Palmer looked up at Bradford who had come out of his cubicle into the main office area. He was grinning. Palmer took a deep breath. The younger man's irrepressible confidence in his abilities masked a certain naiveté about the world. It made Palmer weary. It was something he tried to fend off with a back-down-to-earth practicality. "Pieces of carburetor? Magic pennies? Secret inventions?"
"The objects don't matter. It's not the objects."
"Yeah I got that, thank you. It's the potential of what goes in it that—"
"The items are aspirational."
"Look Brad, anything can be aspirational depending on who aspires. I'm saying the items need to be a little more relatable."
"And I'm saying the objects are symbols."
"So make them more relatable symbols."
"I got a steel penny in change once. Chick thought it was a dime."
"How about 'the key to your place on the lake.' Something like that."
"Well the good news is we don't have to pull the trigger on this so we got time to circle back before we take it to the next level." Palmer shuddered. Bradford's use of officespeak was another thing he found annoying. It was a red flag that Bradford was, indeed, stupid. DAMN! He silently cursed himself for thinking the words red flag. It was insidious—the cubicle lexicon. He took another deep breath.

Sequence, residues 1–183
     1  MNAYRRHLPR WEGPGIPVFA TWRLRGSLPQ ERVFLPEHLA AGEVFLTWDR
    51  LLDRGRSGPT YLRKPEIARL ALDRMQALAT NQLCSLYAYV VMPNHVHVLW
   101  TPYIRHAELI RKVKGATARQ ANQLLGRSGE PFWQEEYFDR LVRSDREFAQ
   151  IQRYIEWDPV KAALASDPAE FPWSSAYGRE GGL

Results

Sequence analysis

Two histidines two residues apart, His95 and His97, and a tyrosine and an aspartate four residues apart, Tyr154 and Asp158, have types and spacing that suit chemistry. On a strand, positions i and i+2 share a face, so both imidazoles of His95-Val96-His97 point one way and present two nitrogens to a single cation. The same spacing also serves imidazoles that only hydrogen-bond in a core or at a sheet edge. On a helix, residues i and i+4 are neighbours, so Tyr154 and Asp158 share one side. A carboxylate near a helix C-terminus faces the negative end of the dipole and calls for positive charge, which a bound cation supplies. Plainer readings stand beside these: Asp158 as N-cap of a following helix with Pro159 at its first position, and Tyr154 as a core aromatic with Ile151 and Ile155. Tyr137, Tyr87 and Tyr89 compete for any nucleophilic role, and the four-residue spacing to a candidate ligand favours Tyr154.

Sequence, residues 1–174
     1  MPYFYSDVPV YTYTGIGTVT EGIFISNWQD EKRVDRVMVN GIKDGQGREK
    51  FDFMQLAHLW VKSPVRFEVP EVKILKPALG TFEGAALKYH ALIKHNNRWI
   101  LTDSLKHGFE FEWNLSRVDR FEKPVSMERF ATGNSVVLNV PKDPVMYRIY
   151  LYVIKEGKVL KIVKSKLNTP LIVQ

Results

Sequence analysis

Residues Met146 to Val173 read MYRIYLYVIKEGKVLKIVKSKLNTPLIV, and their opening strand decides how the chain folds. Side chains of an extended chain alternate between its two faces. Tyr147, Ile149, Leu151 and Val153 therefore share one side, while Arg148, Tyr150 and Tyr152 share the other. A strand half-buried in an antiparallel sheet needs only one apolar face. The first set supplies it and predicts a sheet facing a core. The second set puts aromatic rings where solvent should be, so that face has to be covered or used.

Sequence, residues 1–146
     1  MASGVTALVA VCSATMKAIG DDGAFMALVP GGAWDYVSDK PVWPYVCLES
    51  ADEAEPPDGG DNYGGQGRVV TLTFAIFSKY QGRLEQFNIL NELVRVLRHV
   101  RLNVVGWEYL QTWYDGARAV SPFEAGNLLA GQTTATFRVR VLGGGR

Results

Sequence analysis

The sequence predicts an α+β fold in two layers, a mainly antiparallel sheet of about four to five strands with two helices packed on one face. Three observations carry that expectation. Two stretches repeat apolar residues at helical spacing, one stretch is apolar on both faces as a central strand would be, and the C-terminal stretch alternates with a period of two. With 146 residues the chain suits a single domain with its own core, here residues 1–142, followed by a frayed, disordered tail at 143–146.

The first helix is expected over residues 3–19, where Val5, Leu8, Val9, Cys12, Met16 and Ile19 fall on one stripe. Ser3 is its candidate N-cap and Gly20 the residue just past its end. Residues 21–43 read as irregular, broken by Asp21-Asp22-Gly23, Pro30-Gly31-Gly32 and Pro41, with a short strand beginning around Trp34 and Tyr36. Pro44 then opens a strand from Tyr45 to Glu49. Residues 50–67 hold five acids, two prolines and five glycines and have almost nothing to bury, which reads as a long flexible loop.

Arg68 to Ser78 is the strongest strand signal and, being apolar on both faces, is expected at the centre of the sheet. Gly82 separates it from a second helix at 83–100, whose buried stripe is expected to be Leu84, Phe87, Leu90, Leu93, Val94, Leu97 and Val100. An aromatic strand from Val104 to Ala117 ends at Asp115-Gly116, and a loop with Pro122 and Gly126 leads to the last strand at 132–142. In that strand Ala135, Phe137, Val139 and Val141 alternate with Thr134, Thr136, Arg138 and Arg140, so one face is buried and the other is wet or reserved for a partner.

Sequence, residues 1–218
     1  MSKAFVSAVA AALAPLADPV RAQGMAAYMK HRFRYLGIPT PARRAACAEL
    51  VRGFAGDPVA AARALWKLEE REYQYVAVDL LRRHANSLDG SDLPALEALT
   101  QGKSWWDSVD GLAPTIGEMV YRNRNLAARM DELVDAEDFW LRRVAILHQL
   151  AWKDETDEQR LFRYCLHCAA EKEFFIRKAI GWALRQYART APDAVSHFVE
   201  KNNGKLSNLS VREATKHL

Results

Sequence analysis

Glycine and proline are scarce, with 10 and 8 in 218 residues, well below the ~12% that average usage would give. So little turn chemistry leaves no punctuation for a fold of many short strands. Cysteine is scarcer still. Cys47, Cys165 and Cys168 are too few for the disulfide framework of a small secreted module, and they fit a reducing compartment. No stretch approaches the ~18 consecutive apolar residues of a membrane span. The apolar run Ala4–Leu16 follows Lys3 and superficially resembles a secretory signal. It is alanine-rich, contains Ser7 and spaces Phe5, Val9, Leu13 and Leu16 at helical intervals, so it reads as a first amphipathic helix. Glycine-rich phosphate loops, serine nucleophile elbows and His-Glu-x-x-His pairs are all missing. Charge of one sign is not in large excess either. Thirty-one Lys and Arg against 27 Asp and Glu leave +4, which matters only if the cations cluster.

"Just drop the Land Rover. Maybe the secret invention too."
"Okay but you gotta hit the ground and run with something better."
Palmer clicked through the images of the box. "This box is ideal for carrying weed. Or I guess in your case, Adderall."
"Randall is probably carrying a box full of German weed around right now."
"C'mon," Bradford snorted. "There's no way Randall smokes weed."
"You come on, Ponyboy. Randall smokes every day."
"Palmer—again—do not call me Ponyboy. It's weird. And Randall wouldn't do anything that would hurt the Asterisk & Company brand."
"Brad, Asterisk & Company is a brand built on telling successful businessmen they're rebels."
"So then call it a weed box. Who cares what they use it for?"
"No Brad. What you never seem to get is subtlety. You say it's a weed box without saying it's a weed box. Anyone who smokes weed already knows it's a weed box. They don't have to read between the lines."
"Whatever. If you don't like it, come up with something else. But you gotta beat the vintage Land Rover for an aspirational symbol of wealth, independence and refined-yet-rugged individuality. Because that's what it says. I didn't just pull it out of my ass. I didn't say Jeep or F-150 for a goddamn reason."